For those in crisis, a national network of hotlines can be the lifeline they need.

Increasingly efforts are being made to ensure that farmers, whose careers can prove to be stressful, are aware of these resources available to them, including hotlines that are specifically designed to meet their needs.

Crisis call centers provide an initial point of contact for those seeking help and can be the difference between life and death in some cases, said Joan Mazur, professor, Southeast Center for Agriculture Health and Injury Prevention, University of Kentucky during a recent AgriSafe webinar on mental health in ag communities.

When considering serving the farming population with these crisis call centers, technical and infrastructure issues; personnel considerations, such training and focus on the farming population; and the need for political and social institutional support, such as from state agencies and healthcare providers, are important factors to take into account, Mazur said.

In Wisconsin, the Wisconsin Farm Center, which is under the Department of Agriculture, Trade and Consumer, operates a 24/7 Wisconsin Farmer Wellness Hotline (1-888-901-2558). According to DATCP’s online Wisconsin Farm Center overview, the hotline aims to “support farmers that are struggling with suicidal thoughts, depression, or anxiety or just needing a welcoming ear to talk to.”

The Farm Aid Hotline (1-800-327-6243) is also available for farmers and ranchers Monday-Friday 9 a.m. to 5 p.m. ET, and the National Suicide Prevention Lifeline (1-800-273-8255) is available 24/7. Earlier this year, the Federal Communications Commission designated 988 as the new three-digit number to reach the National Suicide Prevention Lifeline, something all phone service providers will be required to implement by July 16, 2022, with the 800 number continuing to be available during the transition, according to an FCC news release.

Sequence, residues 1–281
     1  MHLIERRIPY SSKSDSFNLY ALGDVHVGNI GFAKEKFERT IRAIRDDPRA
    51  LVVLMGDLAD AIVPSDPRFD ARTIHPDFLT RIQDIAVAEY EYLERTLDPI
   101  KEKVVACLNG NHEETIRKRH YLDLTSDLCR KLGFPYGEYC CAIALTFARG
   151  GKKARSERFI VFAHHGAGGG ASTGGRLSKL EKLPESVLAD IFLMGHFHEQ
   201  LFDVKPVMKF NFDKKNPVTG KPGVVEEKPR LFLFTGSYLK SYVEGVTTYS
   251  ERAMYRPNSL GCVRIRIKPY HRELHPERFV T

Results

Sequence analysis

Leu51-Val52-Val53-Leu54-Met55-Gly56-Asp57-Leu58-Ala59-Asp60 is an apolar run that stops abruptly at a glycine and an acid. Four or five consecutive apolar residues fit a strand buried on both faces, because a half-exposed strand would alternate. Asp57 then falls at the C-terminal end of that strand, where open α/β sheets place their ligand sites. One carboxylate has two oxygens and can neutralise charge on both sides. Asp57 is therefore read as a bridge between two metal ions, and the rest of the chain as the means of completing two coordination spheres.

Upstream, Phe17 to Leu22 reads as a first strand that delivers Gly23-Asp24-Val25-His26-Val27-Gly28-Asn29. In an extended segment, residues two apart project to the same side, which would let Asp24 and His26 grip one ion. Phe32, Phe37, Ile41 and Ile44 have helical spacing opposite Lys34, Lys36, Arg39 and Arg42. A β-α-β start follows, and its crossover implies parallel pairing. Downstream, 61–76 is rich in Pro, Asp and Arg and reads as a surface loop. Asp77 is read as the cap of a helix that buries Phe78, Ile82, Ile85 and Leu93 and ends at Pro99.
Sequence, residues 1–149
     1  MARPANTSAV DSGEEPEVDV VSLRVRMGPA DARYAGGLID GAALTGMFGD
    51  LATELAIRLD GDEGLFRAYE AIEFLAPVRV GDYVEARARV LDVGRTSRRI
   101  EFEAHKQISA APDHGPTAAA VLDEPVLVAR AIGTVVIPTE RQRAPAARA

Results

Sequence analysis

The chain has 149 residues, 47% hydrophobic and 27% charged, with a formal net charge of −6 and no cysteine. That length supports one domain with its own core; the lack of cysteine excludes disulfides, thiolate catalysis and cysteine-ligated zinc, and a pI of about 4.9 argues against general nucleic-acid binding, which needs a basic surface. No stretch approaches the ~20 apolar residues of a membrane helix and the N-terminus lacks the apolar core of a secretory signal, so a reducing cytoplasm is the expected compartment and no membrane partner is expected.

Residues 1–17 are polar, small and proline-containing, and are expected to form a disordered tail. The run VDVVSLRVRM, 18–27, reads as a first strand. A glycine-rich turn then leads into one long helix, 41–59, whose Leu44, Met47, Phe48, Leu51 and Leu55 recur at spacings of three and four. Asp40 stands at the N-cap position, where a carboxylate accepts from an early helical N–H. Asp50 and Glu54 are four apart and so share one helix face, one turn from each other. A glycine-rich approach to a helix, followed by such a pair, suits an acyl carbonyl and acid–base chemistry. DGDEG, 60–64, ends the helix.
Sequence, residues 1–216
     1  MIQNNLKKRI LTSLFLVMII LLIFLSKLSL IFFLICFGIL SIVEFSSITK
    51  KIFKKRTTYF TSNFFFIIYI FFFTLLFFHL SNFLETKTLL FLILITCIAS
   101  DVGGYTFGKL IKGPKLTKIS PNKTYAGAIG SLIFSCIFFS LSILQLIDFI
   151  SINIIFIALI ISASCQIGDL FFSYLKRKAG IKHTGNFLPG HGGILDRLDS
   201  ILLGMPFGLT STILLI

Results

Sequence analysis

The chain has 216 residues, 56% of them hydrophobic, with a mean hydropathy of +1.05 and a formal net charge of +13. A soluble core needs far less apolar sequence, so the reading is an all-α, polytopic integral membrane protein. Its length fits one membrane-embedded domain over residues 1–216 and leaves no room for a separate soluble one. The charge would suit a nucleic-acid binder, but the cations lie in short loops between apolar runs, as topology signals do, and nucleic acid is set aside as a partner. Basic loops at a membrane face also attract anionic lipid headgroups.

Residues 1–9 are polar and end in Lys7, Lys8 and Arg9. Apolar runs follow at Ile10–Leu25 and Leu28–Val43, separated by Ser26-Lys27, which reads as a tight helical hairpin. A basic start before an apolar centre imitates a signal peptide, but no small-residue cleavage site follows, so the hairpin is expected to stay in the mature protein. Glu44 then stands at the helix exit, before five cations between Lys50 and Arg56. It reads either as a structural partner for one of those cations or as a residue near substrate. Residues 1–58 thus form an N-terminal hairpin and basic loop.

AgriSafe is also working on developing a nationwide farm crisis hotline, designed to complement other hotlines and not detract from those offered by state agencies, said Natalie Roy, AgriSafe’s executive director.

Wisconsin, like other states, provides statewide 211 services. Among the services provided by 211 centers are referrals to other agencies and organizations, information on community resources and crisis intervention. In addition to mental health services, farmers and others can receive help in gaining access to basic needs, financial counseling, job training and more through 211.

Wisconsin has eight regional 211 contact centers in St. Croix, La Crosse, Madison, Milwaukee, Wausau, Wisconsin Rapids, Green Bay and Menasha that cover the entirety of the state.

Mary Mundt Reckase, director Great Rivers 211 based in La Crosse, told The Country Today last year that they had started an initiative to better reach and serve farmers, their families and those in rural communities.

In addition to phone call availability, many of these hotlines also provide services via text and online resources.